Seeking Emotional Health Amid Physical Ailment
Another way to look at life, another way to look at death — this was the goal of Gerald Jampolsky, M.D., when he opened the Center for Attitudinal Healing in Sausalito, Calif., in 1975.
“Our thoughts and our minds have a great effect on how our bodies function and how we deal with the illness — acute or chronic. So, we began to create a place where people could really heal themselves,” says Dr. Jampolsky, an adult and child psychiatrist, who received The American Medical Association Foundation’s Pride in Profession award this past March.
Attitudinal healing, says Dr. Jampolsky, is about making a choice to experience peace instead of conflict and love instead of fear, even in the face of extreme difficulty. It is the realization that it is not other people, events, stressful experiences or circumstances outside ourselves that cause us to be in conflict or upset. Rather it is our own thoughts, feelings, attitudes and judgment about those things that actually cause us distress.
How do you get there?
Dr. Jampolsky took the ideas that spurred his healing from a bad divorce and his own fight with alcoholism and transcribed them into the 12 principles of attitudinal healing. These introduce the dynamic of choice into a psychological process:
The essence of our being is love.
Health is inner peace. Healing is letting go of fear.
Giving and receiving are the same.
We can let go of the past and the future.
Now is the only time there is, and each instant is for giving.
We can learn to love ourselves and others by forgiving rather than judging.
We can become love finders rather than fault finders.
We can choose and direct ourselves to be peaceful inside regardless of what is happening outside.
We are students and teachers to each other.
We can focus on the whole of life rather than the fragments.
Since love is eternal, death need not be viewed as fearful.
We can always perceive ourselves and others as either extending love or giving a call for help.
Love is Healing:
“It is very fascinating … when you are consciously helping another person you are not really focused on your body,” Dr. Jampolsky says.
Take this example: “A woman in her 50s with metastatic cancer in her stomach comes into the Center and says she has not experienced peace in her life in the past four years. It happened that another woman had brought her 3-month-old baby to the group. I asked her if she would be willing to have peace of mind for one second. She says, ‘Yeah, but how do I do that?’ ‘Would you be willing to hold this baby for one second and be totally absorbed in giving this baby your love,’ I ask. She says, ‘Yeah, I would love to do that.’ She did that, and I asked her if she was thinking about her cancer when she was giving the baby her love. She said no. I asked if she felt peace. She said yes. I said, ‘I showed you how to do it for one second, and now your job is to learn how to do it for two seconds, two hours and so on.’ Basically, I taught her how to get more involved in helping others than worrying about her illness.”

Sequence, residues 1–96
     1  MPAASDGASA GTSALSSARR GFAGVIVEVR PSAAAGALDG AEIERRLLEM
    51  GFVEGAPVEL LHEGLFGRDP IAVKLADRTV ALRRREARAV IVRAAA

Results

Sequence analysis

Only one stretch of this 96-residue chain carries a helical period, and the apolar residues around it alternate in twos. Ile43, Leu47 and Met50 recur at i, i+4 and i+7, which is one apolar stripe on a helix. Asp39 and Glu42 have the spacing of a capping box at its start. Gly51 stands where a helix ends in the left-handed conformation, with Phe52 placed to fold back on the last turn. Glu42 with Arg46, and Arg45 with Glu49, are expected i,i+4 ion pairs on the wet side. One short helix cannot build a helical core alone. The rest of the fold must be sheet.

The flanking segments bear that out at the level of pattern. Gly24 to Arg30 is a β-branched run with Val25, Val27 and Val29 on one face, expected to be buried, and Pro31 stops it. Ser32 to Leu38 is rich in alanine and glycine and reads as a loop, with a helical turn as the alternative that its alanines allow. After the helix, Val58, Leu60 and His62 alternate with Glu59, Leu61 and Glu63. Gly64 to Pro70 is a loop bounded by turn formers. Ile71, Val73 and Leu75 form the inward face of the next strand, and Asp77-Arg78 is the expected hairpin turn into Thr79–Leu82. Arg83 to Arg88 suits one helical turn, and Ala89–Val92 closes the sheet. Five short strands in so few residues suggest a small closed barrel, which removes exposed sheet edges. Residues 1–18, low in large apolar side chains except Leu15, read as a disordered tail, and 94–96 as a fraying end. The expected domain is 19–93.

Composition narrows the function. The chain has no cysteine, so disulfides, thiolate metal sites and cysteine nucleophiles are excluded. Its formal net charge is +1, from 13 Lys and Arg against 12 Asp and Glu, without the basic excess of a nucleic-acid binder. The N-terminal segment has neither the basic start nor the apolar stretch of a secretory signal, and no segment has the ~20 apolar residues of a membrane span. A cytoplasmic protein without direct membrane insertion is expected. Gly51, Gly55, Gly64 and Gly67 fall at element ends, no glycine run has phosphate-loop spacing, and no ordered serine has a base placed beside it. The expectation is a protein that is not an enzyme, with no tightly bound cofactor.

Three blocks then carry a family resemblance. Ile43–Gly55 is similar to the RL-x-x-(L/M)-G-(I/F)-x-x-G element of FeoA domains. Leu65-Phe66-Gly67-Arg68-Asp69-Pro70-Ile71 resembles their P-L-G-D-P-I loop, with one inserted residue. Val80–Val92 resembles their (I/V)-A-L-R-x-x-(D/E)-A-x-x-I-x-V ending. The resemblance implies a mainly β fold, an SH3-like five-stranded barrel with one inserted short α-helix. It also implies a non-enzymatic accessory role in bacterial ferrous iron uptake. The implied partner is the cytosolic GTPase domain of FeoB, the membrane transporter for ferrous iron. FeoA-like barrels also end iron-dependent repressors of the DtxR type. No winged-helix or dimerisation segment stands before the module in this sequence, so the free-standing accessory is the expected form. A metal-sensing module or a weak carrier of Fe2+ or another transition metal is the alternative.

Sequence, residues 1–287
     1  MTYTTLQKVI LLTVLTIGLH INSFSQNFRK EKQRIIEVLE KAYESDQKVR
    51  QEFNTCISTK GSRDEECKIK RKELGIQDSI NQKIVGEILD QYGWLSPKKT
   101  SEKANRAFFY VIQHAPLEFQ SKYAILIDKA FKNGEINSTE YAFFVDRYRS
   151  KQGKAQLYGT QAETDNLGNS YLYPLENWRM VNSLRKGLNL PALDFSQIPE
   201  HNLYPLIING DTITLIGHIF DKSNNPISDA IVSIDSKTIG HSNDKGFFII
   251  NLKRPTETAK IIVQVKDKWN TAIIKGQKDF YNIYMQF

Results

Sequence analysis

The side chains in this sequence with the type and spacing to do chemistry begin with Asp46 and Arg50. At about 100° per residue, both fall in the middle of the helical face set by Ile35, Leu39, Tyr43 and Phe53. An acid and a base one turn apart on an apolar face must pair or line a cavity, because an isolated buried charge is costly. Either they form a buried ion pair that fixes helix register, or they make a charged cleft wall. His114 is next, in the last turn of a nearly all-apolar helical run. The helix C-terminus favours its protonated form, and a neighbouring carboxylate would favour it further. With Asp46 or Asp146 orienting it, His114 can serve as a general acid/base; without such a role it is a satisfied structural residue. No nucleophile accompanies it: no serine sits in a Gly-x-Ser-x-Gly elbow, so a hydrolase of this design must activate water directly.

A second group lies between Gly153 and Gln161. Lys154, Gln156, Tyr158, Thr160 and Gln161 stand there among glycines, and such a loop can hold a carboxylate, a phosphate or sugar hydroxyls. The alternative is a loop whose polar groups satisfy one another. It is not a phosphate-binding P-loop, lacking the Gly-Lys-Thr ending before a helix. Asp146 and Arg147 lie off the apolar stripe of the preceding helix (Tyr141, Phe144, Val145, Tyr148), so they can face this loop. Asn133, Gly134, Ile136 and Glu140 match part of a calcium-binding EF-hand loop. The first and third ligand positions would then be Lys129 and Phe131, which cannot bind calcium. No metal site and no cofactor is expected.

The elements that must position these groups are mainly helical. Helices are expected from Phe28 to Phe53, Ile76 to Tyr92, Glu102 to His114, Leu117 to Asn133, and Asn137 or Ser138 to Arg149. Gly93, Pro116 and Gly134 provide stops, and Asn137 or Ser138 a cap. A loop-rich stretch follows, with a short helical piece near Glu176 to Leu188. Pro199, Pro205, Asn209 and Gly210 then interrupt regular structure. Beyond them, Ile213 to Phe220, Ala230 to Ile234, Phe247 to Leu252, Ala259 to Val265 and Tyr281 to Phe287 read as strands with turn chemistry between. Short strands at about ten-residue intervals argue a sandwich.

And how do you help others? Dr. Jampolsky says by simply treating them with kindness and compassion. “We feel best and most ourselves when we are reaching out to help other people,” explains Carol Howe, a colleague of Jampolsky who worked with him in the 1970s and 1980s and who is also an author, lecturer and life consultant in Orlando, Fla.
See the light in the person rather than the lampshade.
That is Dr. Jampolsky’s motto. He says: “Learning to live in the present without judgment is an important spiritual principle. We can choose to be a love finder, or we can choose to be a fault finder. Well, many of us choose to be fault finders. We have a big laundry list about people we don’t like or things we attack ourselves for.”